'The question today is not whether or not we want to have globalisation,' observed the former Socialist Prime Minister of France, Lionel Jospin, during an official visit to Japan in December 1999. 'Globalisation', said Jospin, 'is a fact'. He continued: 'But we are faced with a choice: to allow the laws of economics to guide the evolution of our society, and, as a consequence, abdicate our political responsibilities; or on the contrary to try and govern these forces which are at work in the globalisation of the economy'.1 According to the French press, Jospin's discussions with Japan's then Prime Minister, Keizo Obuchi, did not focus on the usual list of bilateral trade and investment initiatives that accompany such visits, but on the common threat globalisation posed to both leaders' societies and the international order. Le Monde's magisterial summation of the visit concluded that the Jospin-Obuchi meeting symbolised a new 'front commun Paris-Tokyo face à la mondialisation'.2 In contrast, across the Channel, the UK Prime Minister, Tony Blair, was considerably more upbeat. Where Jospin and the late Obuchi saw threat, Blair saw opportunity:
Politics is going global. All of us are seeking to make sense of change ... The key to the management of change is reform. The pace of reform has to match the pace of change. Societies that are open, flexible ... will prosper. Those that move too slowly or are in hock to vested interests, or what I have called elsewhere forces of conservatism, reacting negatively to change, will fall behind.3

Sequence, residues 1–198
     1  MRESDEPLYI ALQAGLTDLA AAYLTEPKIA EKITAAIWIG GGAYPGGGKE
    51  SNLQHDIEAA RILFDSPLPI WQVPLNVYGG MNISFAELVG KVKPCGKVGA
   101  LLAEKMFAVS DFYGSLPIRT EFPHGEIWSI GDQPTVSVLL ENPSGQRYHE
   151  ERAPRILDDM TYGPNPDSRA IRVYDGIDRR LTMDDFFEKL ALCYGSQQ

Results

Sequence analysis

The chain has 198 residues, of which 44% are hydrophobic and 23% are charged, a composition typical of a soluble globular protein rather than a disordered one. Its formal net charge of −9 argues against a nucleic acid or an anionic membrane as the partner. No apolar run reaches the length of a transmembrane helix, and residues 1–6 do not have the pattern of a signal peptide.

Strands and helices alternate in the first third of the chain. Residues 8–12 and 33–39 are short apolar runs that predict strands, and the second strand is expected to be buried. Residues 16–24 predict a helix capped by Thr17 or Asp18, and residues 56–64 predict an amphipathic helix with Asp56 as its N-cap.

Of significance is the fact that debate over globalisation is so near the top of the prime ministerial intray at the beginning of the new century. As Britain's leading globalisation guru, Anthony Giddens, noticed in 1999: 'I haven't been to a single country recently where globalisation isn't being intensively discussed. In France, the word is mondialisation, in Spain and Latin America, it is globalizacion. The Germans say Globalisierung ... No political speech is complete without it'.4 Of greater significance is the fact that governments - even like-minded governments - do not appear to be able to agree precisely on either what globalisation is or what, if anything, should be done about it. In part, this is because the phenomenon of globalisation contains multiple realities affecting different interests at different times and to different degrees. Robert Samuelson has noted: